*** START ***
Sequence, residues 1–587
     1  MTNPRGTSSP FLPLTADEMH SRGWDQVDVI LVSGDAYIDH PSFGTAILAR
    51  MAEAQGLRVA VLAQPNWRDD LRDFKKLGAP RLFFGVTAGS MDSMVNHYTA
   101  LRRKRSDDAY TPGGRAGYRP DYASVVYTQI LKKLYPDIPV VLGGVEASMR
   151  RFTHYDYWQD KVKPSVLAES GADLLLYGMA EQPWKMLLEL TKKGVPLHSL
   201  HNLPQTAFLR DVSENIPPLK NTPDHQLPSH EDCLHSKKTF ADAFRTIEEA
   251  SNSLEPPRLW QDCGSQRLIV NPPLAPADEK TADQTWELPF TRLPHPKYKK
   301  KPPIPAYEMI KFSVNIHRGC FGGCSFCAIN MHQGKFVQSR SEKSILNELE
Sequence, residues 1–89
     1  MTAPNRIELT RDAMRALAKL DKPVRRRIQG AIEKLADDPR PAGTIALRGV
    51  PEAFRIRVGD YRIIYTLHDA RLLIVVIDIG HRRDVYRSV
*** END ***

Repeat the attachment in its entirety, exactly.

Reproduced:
Sequence, residues 1–587
     1  MTNPRGTSSP FLPLTADEMH SRGWDQVDVI LVSGDAYIDH PSFGTAILAR
    51  MAEAQGLRVA VLAQPNWRDD LRDFKKLGAP RLFFGVTAGS MDSMVNHYTA
   101  LRRKRSDDAY TPGGRAGYRP DYASVVYTQI LKKLYPDIPV VLGGVEASMR
   151  RFTHYDYWQD KVKPSVLAES GADLLLYGMA EQPWKMLLEL TKKGVPLHSL
   201  HNLPQTAFLR DVSENIPPLK NTPDHQLPSH EDCLHSKKTF ADAFRTIEEA
   251  SNSLEPPRLW QDCGSQRLIV NPPLAPADEK TADQTWELPF TRLPHPKYKK
   301  KPPIPAYEMI KFSVNIHRGC FGGCSFCAIN MHQGKFVQSR SEKSILNELE
Sequence, residues 1–89
     1  MTAPNRIELT RDAMRALAKL DKPVRRRIQG AIEKLADDPR PAGTIALRGV
    51  PEAFRIRVGD YRIIYTLHDA RLLIVVIDIG HRRDVYRSV